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Suggested Citation:"Chapter Six - Conclusions." National Academies of Sciences, Engineering, and Medicine. 2017. Planning and Design for Fire and Smoke Incidents in Underground Passenger Rail Systems. Washington, DC: The National Academies Press. doi: 10.17226/24691.
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Suggested Citation:"Chapter Six - Conclusions." National Academies of Sciences, Engineering, and Medicine. 2017. Planning and Design for Fire and Smoke Incidents in Underground Passenger Rail Systems. Washington, DC: The National Academies Press. doi: 10.17226/24691.
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Page 53
Page 54
Suggested Citation:"Chapter Six - Conclusions." National Academies of Sciences, Engineering, and Medicine. 2017. Planning and Design for Fire and Smoke Incidents in Underground Passenger Rail Systems. Washington, DC: The National Academies Press. doi: 10.17226/24691.
×
Page 54
Page 55
Suggested Citation:"Chapter Six - Conclusions." National Academies of Sciences, Engineering, and Medicine. 2017. Planning and Design for Fire and Smoke Incidents in Underground Passenger Rail Systems. Washington, DC: The National Academies Press. doi: 10.17226/24691.
×
Page 55
Page 56
Suggested Citation:"Chapter Six - Conclusions." National Academies of Sciences, Engineering, and Medicine. 2017. Planning and Design for Fire and Smoke Incidents in Underground Passenger Rail Systems. Washington, DC: The National Academies Press. doi: 10.17226/24691.
×
Page 56
Page 57
Suggested Citation:"Chapter Six - Conclusions." National Academies of Sciences, Engineering, and Medicine. 2017. Planning and Design for Fire and Smoke Incidents in Underground Passenger Rail Systems. Washington, DC: The National Academies Press. doi: 10.17226/24691.
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Page 57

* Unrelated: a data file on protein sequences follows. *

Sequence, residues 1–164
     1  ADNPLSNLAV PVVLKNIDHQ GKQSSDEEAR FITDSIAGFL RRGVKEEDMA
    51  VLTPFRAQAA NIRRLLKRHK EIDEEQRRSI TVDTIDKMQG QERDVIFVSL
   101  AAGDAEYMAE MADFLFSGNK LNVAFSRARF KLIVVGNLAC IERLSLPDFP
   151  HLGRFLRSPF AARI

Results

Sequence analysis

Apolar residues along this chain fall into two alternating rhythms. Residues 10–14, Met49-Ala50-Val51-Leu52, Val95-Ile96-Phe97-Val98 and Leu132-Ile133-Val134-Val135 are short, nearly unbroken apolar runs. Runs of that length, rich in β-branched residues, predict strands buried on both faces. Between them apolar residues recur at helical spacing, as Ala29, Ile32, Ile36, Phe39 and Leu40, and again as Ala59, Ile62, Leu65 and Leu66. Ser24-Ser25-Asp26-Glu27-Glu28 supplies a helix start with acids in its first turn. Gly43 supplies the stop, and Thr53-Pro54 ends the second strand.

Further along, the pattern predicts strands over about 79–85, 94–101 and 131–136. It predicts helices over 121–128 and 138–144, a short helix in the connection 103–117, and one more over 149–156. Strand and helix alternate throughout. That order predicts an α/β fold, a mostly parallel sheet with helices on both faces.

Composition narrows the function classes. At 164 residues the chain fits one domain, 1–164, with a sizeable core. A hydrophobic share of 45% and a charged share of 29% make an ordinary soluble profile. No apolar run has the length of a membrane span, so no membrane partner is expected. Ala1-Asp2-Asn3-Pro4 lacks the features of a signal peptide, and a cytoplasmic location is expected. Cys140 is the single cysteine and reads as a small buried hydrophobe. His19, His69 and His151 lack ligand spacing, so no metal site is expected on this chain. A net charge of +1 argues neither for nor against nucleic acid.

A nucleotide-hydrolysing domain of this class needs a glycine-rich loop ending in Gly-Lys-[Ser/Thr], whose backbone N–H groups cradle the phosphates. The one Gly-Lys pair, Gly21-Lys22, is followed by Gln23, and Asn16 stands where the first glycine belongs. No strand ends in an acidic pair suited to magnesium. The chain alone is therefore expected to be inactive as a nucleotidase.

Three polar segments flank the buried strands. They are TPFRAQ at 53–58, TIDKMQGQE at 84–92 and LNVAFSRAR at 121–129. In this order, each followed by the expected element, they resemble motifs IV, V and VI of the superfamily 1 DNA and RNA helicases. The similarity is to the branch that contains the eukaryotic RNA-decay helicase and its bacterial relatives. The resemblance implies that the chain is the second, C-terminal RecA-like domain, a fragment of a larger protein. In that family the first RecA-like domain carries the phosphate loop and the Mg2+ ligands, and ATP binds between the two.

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52 IntroductIon This chapter summarizes key findings, presents conclusions from this synthesis project, and offers areas for future study. Findings identify and assess the factors contributing to the success. The chapter is organized in five sections: • Findings from the survey and literature review; • Agency assessments; • Lessons learned—survey respondents; • Lessons learned—case examples; and • Conclusions and areas for future study. The future study areas address the need for upgraded standards and dissemination, a culture of safety at transit agencies, continued research on rail vehicles and passenger rail tunnels, evaluation of next-generation systems as they are implemented, effective training, and gaps between National Fire Protection Association’s (NFPA) NFPA 130: Standard for Fixed Guideway Transit and Passenger Rail Systems (2014), and the International Building Code (IBC). Two problem statements were submitted to TCRP for consideration as future studies. FIndIngs From the survey and LIterature revIew • Sources of information. All respondents use NFPA 130, often in the design of transit facilities and as a best practices document. Respondents also use the National Incident Management System (NIMS), locally developed standards and guidelines, and/or the APTA Recommended Practice Report. • Definitions. Agencies typically define “underground” as “below grade” or “subterranean.” Several agencies use a minimum length of tunnel (ranging from 150 to 1,000 ft) to define underground. Obvious signs of fire and/or smoke most often define a fire and smoke incident. • Incidents and causes. Minor underground fire and smoke incidents are not uncommon, but major incidents (defined as causing a service disruption of at least 2 h) occur less often. Arcing and trash fires in tunnels were noted by more than half of all respondents as primary causes of underground fire and smoke incidents. • Fire and smoke detection, prevention, protection, and ventilation systems. More than half of all respondents report that their agencies have an early underground fire detection system. Closed circuit television (CCTV), station smoke or heat detectors, and closed-head sprinklers (heat sensitive) in stations are the most common elements. More than two-thirds of respondents report that their agency has adopted design standards or codes related to underground fire and smoke prevention and detection. Several agencies have adopted NFPA standards as their own. Most respondents indicate that their agency’s ventilation control system is designed to remove smoke and provide fresh air and/or cooling. Ventilation fans typically are controlled remotely. Almost all respondents report that their agency regularly tests fan operation. More than half of respondents test fan operation weekly or monthly. Agencies take several different approaches to changing protocols and procedures as new tech- niques and regulations emerge. Internal cross-departmental evaluations are common, including debriefings after an event. Respondents also use formal quantitative analyses. Regulatory com- pliance is essential, although older systems may be grandfathered. Legacy systems often meet chapter six concLusIons